Top 10 Considerations to Focus Your Startup

If the goal of your startup is to succeed, this is probably the most important article on entrepreneurship that I have yet written, The following ten points will help you focus your team, company model, and financial situation, taking much of the guess-work out of execution and giving your startup maximum focus.

1) Are You Selling to Companies or End-Users?

[login] This is one of the biggest pitfalls there is and can completely dis-focus the efforts of a company. Selling to companies appears very lucrative and attractive because one enterprise software sale can provide salary for all the co-founders. Yet as lucrative as it might seem, selling to companies is enormously difficult. Be prepared for deadly-long sales cycles. Selling to enterprise also requires connections in order to get attention and in the door of some of these places. Plus you need a more mature product than you would if you were selling to consumers, requiring more resources, possible investment capital and a longer time horizon for your company — all adding extra risk. Selling to consumers is also tough. Unlike the enterprise world where only one customer is needed, when selling to a consumer mass market, it is imperative to regularly and cheaply reach a wide and consistent audience who is finicky and have attention span of 3-year olds which you must figure out how to capture. If you do not, you will not stay afloat.There is no right answer as both roads are tough. Make sure you pick just one and stick to your guns because perusing both, the business customers and enterprise customers is a sure death trap.

2) Investment or No Investment?

There is already an article devoted purely to why you should not pursue investment, but investment capital can be great for some companies. It can give your company great connections (the investors themselves) and capital with which to buy resources and man-work-hours. The negative side of getting capital is that a tiny percentage of people get it; usually those who have built successful companies before. Plus it takes quite a bit of time to prepare investor presentation materials (investors will get annoyed if it is not up to snuff) schedule meetings, meet, travel to meet, etc. This all costs you time and money, which you would be getting with their capital, so it’s a bit of a Catch-22. If you have not been a successful entrepreneur in the past, you may gain quite a bit of focus if you do not try to secure investment, but instead allow yourself a longer amount of time before you need to reach out to investors. Also, you can try to realign your company model to be simpler, so that the founding team will need less investment or none at all. The road to investment capital is long and windy if you have not done it before, so if you can avoid it, do.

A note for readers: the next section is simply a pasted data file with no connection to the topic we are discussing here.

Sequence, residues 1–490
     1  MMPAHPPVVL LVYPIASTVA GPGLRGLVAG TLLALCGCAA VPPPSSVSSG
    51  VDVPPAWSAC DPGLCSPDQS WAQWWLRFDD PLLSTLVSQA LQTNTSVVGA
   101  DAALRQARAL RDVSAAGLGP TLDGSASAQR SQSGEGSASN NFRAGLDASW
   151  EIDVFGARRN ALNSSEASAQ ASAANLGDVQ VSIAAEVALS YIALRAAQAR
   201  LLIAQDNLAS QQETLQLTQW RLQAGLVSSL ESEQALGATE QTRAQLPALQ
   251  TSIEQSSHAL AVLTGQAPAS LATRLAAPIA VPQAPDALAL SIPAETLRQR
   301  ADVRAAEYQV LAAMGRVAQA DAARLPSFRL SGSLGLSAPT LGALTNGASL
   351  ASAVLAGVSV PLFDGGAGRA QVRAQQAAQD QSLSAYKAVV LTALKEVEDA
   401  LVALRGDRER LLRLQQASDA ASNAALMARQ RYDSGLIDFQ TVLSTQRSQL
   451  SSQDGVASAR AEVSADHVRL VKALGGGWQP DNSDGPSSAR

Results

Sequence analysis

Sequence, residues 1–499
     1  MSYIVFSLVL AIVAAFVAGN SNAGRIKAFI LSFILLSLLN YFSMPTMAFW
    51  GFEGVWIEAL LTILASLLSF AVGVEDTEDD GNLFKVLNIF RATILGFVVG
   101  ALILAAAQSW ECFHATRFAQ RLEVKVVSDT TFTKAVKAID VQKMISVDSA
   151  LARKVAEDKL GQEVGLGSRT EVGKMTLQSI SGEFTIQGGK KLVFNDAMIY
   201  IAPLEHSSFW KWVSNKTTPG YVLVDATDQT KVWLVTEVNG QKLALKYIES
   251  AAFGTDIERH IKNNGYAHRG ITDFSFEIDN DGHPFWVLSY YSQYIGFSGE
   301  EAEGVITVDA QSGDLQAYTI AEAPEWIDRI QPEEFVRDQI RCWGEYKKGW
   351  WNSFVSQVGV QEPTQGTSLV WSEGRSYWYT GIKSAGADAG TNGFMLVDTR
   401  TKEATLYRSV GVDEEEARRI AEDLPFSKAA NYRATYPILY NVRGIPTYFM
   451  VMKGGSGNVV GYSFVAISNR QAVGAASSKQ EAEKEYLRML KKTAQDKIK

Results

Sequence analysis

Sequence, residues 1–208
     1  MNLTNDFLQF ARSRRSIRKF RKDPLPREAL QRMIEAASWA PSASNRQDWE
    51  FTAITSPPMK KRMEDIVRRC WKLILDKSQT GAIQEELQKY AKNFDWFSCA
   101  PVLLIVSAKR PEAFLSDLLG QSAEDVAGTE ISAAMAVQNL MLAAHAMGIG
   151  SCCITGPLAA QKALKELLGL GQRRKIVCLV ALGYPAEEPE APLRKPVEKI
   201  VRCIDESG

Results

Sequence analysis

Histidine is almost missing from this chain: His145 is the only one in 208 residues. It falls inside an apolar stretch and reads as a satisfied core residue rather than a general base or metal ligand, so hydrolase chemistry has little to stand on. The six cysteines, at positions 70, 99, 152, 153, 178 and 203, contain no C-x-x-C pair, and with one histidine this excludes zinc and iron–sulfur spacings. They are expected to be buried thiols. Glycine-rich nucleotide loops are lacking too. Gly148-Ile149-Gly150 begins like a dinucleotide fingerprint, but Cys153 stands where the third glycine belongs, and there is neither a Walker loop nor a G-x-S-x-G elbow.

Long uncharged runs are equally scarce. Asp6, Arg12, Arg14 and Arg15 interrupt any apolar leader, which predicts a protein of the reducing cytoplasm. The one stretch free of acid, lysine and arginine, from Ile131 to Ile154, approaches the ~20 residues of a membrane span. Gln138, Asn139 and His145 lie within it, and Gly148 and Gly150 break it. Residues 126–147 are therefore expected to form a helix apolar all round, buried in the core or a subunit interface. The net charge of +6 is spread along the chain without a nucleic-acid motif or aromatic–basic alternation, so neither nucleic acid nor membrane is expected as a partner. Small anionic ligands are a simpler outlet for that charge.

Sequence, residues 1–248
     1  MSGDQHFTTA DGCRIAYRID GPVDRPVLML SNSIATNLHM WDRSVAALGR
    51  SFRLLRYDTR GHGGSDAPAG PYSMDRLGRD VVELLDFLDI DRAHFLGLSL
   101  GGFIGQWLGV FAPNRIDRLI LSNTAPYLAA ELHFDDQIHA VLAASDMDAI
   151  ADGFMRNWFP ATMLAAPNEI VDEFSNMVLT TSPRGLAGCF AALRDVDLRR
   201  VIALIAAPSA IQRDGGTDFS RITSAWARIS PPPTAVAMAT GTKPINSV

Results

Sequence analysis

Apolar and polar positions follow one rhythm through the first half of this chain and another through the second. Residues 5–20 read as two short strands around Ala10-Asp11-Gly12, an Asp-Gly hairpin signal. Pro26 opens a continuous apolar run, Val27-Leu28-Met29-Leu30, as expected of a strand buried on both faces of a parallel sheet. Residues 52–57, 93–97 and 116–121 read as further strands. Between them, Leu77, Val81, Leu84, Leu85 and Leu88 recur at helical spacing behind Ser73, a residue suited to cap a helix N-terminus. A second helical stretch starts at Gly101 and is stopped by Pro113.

3) Partners or No Partners?

It has been traditionally considered that all start-ups need a founding team. With the rapid decrease of development and hardware costs, this is less true now than even 5 or 3 years ago. Code snippets can be taken from examples online, so can html templates, and man other things.

Founding partners can be great, but finding great ones is much more difficult than finding flakes, dishonest or crazy people. Plus, if a founding partner leaves, it can really cripple a young company. And at the end of the day, finding partners takes time and effort — why not just spend it learning that skill you think you don’t have and the reason you are looking for a partner in the first place?

4) If Partners, What Kind of Partners?

If you opt for finding a founding team, try to find people with these qualities:

    * Honest and integrity
    * Professionalism
    * Hard-workers
    * Should have experience starting projects and companies
    * If possible, great people you have worked with in the past

Here are some signs that should make you run from your potential founders:

    * Arguing and disagreements early on
    * Dishonesty
    * Truly crazy smart people (you need sane smart people)
    * Lack of Professionalism
    * Flakiness
    * If they are looking for work at the same time
    * If their time horizons are less than 6 months
    * If they do not show too much interest (don’t chase people for a particular skill)
    * People who tend or show tendency to lead you on — this is a silent killer as it is a tremendous time-waster

5) Financial Focus and Risk Tolerance

Financial uncertainty can really dis-focus a company. If you need income, you will be more likely to chase investors or go after bad or inappropriate monetization models. Before you embark on a project, try to have a clear idea of how long you can stick with it, and how much money you can lose. In general, just as stock market investing, it can be healthy and sane to have some stop-loss conditions which dictate the amount of dollars and/or months you will be able to spend on the project. Know how much you can risk, but do not lose sigh of the tipping point where risk becomes recklessness and hop clouds up reality. As a very general rule of thumb, the younger you are the more you can risk, and as you get older, your risk tolerance should become smaller as you probably have to support people around you, and save for your own retirement. Ideas and startups can be very luring, but you must be realistic about risk, and consider whether it is right for you.